The people I interact with impact my actions.

There’s a saying that goes something like this: Show me a man’s five closest friends and I’ll show you his future. And that is true. When I’m around people who complain themselves, I am much faster to complain. When I’m with cheerful people, I’m quicker to be positive. Choose your friends wisely, for you will become more like them, whether you want to be or not.

There are other things to talk about.

I never realized how many of my conversations consisted of 1) complaining or 2) gossip. Since I included gossip in the category of “negative thoughts”, that had to go as well. And as it turns out, there are other things to talk about.

The world is full of interesting and good things to talk and think about – we need not dwell on the things that upset us.

Complaining is a form of pride.

How often do you complain for someone else’s benefit? If you’re anything like me, it’s not very often. Complaining is all about me, myself, and I. It is all about what I can get out of life and what will make me happy – not what I can do to please God or serve others. It puts all of our focus on ourselves, which is not how God would have us live our lives as His children.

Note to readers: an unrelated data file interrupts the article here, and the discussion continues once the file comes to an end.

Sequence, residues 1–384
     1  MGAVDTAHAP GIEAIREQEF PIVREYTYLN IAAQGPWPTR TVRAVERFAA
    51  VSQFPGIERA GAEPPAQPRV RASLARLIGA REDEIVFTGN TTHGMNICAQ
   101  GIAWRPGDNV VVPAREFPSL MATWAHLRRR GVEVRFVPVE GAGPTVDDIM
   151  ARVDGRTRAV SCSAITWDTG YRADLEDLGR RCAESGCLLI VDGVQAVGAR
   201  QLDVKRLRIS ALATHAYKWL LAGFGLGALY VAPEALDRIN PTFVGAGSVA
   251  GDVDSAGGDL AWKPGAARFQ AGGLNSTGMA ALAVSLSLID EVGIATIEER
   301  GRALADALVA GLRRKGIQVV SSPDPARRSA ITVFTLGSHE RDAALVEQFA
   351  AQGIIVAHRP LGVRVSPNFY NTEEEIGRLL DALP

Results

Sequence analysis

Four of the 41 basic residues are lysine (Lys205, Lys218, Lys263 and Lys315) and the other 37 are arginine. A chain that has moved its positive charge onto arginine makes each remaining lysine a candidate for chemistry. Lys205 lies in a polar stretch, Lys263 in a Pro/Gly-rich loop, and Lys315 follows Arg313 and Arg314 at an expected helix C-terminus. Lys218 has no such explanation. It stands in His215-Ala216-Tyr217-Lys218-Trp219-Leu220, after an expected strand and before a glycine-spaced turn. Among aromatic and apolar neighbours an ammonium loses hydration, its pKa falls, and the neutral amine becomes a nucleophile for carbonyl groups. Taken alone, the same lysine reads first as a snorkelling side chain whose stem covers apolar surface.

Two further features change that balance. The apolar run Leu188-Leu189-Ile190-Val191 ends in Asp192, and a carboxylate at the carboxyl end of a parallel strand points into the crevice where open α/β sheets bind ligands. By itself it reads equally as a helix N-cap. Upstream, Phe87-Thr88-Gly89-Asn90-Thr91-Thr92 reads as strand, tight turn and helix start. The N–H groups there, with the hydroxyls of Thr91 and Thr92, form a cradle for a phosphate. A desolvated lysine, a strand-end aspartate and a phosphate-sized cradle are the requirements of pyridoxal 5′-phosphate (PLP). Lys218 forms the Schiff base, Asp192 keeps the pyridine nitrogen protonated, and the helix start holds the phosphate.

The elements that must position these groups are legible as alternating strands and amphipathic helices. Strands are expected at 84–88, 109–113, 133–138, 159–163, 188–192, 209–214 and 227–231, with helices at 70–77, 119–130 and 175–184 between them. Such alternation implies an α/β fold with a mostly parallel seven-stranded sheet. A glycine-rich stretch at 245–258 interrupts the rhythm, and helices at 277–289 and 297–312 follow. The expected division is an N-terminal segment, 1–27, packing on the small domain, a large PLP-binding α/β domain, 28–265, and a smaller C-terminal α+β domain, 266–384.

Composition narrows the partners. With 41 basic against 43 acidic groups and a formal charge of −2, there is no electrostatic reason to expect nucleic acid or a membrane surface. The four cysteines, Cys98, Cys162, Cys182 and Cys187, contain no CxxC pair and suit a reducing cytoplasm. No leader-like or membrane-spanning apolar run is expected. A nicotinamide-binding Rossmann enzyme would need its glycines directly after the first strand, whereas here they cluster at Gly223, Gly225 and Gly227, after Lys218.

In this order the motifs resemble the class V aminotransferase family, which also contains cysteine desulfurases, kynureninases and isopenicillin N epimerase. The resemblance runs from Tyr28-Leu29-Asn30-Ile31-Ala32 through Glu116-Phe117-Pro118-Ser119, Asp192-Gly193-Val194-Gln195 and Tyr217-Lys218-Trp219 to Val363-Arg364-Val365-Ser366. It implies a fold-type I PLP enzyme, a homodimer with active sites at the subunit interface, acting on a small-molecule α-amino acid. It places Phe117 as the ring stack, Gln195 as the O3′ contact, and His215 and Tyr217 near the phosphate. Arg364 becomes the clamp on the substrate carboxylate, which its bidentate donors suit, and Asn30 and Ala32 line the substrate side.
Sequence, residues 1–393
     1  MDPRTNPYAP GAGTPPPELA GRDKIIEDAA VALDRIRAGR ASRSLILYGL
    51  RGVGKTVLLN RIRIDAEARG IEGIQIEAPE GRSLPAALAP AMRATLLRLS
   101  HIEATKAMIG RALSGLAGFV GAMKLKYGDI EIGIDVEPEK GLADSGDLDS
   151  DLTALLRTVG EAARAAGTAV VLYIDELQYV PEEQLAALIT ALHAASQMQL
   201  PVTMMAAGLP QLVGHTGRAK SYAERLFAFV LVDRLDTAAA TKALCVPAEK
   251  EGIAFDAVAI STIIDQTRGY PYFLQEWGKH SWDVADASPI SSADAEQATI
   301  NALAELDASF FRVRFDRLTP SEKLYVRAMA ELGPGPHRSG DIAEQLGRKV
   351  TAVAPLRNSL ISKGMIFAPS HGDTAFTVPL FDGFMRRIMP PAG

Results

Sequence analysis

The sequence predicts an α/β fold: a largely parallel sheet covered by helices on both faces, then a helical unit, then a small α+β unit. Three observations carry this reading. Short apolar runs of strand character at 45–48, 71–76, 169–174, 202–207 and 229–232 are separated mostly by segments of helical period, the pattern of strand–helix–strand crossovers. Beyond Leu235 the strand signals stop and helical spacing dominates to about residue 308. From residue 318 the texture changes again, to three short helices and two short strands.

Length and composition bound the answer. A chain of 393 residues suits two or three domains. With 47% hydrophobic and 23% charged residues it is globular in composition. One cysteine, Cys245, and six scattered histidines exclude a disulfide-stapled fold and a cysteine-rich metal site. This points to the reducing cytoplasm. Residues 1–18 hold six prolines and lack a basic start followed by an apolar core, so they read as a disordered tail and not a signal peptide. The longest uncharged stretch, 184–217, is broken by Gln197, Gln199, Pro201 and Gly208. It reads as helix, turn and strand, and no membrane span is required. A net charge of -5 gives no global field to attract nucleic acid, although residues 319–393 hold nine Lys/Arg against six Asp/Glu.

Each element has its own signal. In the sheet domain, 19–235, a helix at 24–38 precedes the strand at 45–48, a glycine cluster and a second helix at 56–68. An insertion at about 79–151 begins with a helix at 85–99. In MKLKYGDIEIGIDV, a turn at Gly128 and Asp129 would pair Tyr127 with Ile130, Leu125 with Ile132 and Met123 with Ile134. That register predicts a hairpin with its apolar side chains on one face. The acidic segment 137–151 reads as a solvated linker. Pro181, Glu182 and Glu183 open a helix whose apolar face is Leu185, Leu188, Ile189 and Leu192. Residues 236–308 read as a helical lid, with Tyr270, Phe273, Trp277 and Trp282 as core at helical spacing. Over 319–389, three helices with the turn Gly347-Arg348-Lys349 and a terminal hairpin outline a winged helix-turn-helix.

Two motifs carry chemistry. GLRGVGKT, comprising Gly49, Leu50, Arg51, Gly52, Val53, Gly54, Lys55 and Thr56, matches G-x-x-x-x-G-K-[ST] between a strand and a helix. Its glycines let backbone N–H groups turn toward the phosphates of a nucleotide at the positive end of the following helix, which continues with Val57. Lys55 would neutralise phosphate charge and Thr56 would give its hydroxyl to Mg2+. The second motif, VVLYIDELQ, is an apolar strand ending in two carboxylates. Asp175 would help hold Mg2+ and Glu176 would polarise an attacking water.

As C. S. Lewis wrote in Mere Christianity (giving the picture of a truly humble man): “Probably all you will think about him  is that he seemed a cheerful, intelligent chap who took a real interest in what you said to him…He will not be thinking about humility: he will not be thinking about himself at all.”

I complain a lot. Still.

The past month has not cured me of my desire to complain (or my all-too-frequent fulfillment of that desire, as my family can tell you). I am still working on this discipline, and I probably will be for a while. Thankfully, when I get discouraged, I can return to the first point: I can’t do it on my own.

I’ve learned a lot from just the realization of how much I complain in a day, and I am grateful for the conviction, painful as it may be at times. I hope that my experiment in complaining will cause you to examine your own life and thoughts and will lead you to a more God-focused, self-forgetful way of being. Because that is what we are made to do.

Kira

What helps you keep yourself from complaining?
Are there any places/circumstances that trigger complaint?